• Bring others with you on the journey: so that when the Christ child comes we will be a people ready for celebration and joy!  “And he will go before him in the spirit…to turn the hearts of the fathers to the children, and the disobedient to the wisdom of the just, to make ready for the Lord a people prepared.” Luke 1:17

Reflect:

What spiritual housekeeping have I been neglecting lately? Have I made time to clean the corners of my heart and prepare a place for Christ this Advent?

Peace,

Signature

Revelation and Purpose: The Infancy Narratives

 :

“God, who has no History because He is eternal, desired to make History by walking alongside His people…He decided to become one of us, and as one of us, to walk with us through Jesus.”
Pope Francis (Sept. 24, 2013, Catholic News Agency)

In this quote, Pope Francis looks at the historicity of the gospels from the perspective of one’s personal “encounter with the living God”. Fr. Joseph  Fitzmyer also addresses historicity, in the infancy narratives of Matthew and Luke, not to argue for their exclusion but to look deeper into their meaning. While finding their basis for these narratives in tradition after Mark, both Matthew and Luke share agreement on twelve points. This, as Fitzmyer notes, “prevents one from writing off the infancy narratives as mere fabrications out of whole cloth”[1]. Extending this metaphor further, we look as to what can be learned from their weaving of this material that speaks to who Jesus is, how he is to be understood and what this also reveals about God.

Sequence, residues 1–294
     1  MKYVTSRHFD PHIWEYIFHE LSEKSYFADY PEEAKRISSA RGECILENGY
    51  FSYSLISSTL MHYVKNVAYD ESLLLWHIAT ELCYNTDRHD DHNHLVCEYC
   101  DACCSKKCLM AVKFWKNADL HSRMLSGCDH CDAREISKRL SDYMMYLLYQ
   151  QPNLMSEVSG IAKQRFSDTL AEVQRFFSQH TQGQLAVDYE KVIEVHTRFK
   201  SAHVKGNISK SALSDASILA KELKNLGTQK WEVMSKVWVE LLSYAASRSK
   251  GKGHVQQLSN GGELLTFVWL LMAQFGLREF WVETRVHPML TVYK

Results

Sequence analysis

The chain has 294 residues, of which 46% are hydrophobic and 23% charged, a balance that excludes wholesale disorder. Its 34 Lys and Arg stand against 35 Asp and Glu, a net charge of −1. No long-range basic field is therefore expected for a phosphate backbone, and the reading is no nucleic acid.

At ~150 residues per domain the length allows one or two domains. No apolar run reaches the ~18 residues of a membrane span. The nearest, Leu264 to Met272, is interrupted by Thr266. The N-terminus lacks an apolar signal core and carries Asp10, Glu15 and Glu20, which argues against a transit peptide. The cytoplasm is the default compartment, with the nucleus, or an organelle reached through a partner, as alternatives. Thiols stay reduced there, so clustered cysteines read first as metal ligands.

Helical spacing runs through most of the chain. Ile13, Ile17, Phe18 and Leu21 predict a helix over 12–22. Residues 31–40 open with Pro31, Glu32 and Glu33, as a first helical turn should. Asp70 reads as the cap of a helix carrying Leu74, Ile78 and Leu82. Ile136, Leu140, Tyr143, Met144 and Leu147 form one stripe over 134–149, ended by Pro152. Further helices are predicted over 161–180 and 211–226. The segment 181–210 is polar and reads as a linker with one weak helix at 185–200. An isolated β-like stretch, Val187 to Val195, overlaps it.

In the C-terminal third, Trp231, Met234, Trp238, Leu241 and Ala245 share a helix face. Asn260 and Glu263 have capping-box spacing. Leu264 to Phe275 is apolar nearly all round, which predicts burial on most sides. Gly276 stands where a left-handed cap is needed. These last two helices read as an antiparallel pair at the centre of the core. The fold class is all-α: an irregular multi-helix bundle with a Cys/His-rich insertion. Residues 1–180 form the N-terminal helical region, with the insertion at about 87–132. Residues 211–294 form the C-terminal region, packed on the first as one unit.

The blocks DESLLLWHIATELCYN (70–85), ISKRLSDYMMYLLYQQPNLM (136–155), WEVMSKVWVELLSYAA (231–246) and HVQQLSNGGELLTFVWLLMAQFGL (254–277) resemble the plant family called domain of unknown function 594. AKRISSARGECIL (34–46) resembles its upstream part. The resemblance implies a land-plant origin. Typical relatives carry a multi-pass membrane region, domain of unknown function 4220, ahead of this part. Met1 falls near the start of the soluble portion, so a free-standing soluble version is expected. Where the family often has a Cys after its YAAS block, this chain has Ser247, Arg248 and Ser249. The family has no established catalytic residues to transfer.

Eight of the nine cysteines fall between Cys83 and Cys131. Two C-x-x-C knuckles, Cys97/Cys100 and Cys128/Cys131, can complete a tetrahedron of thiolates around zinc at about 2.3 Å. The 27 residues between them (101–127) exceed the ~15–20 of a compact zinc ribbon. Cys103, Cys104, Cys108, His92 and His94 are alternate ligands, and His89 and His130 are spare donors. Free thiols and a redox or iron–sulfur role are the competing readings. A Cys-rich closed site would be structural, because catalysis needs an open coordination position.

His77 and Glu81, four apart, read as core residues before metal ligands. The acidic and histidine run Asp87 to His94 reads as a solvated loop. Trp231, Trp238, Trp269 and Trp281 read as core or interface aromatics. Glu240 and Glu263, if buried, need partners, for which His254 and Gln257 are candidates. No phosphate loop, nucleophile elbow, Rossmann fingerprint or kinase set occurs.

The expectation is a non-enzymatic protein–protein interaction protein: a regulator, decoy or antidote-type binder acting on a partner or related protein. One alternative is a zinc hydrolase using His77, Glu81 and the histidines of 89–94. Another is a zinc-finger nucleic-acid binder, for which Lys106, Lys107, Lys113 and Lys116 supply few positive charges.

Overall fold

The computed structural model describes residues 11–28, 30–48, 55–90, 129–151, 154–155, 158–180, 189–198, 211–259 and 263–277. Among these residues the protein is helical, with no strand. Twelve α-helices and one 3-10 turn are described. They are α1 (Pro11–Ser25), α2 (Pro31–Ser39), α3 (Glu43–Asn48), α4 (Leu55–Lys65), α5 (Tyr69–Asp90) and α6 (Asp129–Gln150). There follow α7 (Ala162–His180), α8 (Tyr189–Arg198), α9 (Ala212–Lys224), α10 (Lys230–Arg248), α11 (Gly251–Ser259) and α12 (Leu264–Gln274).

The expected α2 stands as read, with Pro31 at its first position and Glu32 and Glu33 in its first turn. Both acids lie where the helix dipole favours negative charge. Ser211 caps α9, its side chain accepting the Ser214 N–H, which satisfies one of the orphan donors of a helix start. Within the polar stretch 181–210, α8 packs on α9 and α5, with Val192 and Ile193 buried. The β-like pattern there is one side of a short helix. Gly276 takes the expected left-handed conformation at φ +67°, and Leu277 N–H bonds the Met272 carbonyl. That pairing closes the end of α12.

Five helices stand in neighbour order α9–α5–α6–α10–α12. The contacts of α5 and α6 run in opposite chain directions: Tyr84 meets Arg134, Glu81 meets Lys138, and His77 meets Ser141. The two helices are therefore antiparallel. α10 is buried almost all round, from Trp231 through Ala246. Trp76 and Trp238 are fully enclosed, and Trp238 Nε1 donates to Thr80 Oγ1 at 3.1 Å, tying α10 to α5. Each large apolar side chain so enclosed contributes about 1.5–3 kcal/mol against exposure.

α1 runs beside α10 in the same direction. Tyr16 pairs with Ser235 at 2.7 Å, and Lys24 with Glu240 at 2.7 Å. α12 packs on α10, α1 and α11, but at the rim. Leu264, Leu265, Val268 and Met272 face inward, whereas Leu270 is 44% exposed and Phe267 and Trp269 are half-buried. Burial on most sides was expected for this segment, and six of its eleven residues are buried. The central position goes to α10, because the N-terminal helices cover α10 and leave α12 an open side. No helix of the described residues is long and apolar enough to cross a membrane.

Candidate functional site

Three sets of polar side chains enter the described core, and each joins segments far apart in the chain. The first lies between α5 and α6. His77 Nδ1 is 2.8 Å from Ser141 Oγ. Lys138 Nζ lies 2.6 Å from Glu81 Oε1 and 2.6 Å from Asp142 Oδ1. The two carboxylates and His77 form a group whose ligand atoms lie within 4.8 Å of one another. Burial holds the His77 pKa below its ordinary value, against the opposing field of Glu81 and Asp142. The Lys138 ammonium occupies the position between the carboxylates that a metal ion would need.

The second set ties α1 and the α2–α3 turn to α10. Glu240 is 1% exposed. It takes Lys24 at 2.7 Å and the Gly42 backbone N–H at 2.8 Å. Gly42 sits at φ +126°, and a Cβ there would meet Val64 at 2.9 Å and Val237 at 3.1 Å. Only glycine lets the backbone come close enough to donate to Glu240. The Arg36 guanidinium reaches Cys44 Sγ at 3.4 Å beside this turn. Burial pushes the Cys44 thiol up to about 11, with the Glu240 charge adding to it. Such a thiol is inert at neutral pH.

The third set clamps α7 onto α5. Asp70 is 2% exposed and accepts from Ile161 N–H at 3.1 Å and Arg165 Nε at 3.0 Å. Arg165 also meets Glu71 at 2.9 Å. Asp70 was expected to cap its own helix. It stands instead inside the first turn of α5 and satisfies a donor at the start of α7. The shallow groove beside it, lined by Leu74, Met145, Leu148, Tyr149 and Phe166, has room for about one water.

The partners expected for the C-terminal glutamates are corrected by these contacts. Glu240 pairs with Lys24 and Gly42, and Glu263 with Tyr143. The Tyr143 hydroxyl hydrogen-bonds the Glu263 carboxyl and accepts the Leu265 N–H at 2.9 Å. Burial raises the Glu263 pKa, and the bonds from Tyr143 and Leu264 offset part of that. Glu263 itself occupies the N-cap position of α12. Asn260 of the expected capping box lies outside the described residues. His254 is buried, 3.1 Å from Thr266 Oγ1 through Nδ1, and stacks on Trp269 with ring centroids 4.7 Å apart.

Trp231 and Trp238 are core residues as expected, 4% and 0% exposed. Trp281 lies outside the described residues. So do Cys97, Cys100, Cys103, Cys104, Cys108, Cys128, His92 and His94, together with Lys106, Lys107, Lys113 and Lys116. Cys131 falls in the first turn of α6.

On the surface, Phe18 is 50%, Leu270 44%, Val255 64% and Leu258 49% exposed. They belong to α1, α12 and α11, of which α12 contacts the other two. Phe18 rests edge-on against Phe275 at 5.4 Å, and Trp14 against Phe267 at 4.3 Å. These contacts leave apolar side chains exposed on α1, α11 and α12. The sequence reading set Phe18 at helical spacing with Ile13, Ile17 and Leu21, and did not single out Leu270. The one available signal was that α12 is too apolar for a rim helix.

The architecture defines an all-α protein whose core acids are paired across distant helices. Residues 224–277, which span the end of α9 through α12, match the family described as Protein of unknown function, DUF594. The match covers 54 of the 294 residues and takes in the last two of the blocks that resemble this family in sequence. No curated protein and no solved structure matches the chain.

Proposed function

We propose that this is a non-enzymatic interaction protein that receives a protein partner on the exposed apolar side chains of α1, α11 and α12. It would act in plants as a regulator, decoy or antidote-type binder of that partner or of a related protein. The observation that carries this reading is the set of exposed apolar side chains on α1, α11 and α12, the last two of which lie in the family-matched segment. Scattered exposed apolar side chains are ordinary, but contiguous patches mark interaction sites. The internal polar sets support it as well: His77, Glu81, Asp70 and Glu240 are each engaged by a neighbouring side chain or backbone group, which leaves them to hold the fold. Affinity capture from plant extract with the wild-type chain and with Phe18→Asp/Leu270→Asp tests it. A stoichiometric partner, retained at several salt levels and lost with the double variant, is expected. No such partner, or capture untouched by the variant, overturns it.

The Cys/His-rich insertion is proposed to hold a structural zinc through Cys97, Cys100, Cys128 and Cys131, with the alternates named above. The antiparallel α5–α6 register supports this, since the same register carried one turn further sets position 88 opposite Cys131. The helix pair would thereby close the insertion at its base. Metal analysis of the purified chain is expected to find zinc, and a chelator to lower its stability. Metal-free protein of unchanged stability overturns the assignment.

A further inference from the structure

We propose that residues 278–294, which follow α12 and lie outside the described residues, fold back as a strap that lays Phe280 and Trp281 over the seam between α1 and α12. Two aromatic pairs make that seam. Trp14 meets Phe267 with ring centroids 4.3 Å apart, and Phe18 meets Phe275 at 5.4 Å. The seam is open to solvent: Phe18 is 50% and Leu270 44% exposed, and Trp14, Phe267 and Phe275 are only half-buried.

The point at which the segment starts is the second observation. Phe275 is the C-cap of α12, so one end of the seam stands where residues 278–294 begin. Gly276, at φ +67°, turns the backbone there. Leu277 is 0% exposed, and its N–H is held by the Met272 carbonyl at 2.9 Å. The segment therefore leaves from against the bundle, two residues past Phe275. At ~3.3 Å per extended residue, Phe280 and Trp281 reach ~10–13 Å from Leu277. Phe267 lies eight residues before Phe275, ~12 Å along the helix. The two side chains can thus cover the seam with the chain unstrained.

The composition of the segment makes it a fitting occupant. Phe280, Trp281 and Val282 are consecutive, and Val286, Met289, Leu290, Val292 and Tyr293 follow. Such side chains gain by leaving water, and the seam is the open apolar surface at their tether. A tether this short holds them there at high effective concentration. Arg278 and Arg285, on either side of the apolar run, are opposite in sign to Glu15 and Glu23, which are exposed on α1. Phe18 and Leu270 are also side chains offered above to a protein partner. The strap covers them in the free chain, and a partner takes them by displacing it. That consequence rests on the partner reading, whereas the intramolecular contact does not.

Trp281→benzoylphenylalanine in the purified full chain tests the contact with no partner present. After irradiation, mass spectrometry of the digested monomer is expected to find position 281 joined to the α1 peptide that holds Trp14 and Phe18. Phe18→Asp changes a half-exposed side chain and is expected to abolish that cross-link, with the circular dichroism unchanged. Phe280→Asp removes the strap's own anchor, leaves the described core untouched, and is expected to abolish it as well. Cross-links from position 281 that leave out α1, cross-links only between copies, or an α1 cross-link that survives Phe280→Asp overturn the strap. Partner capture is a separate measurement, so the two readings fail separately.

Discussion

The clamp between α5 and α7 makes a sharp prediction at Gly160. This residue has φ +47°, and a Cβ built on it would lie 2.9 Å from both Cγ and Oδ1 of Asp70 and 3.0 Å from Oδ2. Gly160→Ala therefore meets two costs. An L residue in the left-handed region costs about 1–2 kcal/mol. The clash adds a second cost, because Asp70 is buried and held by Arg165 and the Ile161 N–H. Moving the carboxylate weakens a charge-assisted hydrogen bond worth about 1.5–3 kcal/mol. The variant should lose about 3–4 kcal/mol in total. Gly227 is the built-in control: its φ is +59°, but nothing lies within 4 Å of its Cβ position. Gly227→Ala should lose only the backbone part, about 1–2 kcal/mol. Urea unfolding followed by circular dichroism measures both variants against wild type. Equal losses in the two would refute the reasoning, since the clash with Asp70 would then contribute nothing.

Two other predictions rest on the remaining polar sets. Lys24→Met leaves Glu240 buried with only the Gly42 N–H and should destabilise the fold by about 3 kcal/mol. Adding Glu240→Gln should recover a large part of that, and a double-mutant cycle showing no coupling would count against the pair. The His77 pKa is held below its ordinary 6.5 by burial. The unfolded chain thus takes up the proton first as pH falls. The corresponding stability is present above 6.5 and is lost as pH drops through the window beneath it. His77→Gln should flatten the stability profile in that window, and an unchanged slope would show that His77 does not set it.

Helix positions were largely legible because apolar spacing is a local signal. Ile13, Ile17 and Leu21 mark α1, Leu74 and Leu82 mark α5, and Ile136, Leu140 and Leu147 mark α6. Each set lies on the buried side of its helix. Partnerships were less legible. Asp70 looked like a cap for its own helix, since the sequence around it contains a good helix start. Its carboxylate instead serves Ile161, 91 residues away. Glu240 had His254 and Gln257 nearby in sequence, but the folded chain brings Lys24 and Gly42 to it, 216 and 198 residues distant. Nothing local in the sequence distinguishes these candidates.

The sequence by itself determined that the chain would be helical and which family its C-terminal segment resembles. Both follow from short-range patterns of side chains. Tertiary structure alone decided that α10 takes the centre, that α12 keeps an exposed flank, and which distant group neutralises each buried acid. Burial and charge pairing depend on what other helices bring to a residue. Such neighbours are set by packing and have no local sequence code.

If we turn to the genealogy of Jesus, for example, we notice that Matthew places his at the start of his gospel, beginning with Abraham and culminating in Jesus. Here Matthew is setting the stage for Jesus as the fulfillment of OT prophesy, a part of the history of Israel and yet the promise of God doing something new and wonderful in humanity [2]. Luke, places his genealogy not even in the infancy narrative (1:5-2:52), but just prior to the start of Jesus’ ministry following his baptism (3:23-38). This reveals that who Jesus is, particularly in Luke, is indelibly tied to the message and ministry that he has come to proclaim. Luke begins not with Abraham but with Jesus, going all the way back to Adam, illustrating that Jesus came not just for the Jewish people, but for “all humanity” [3].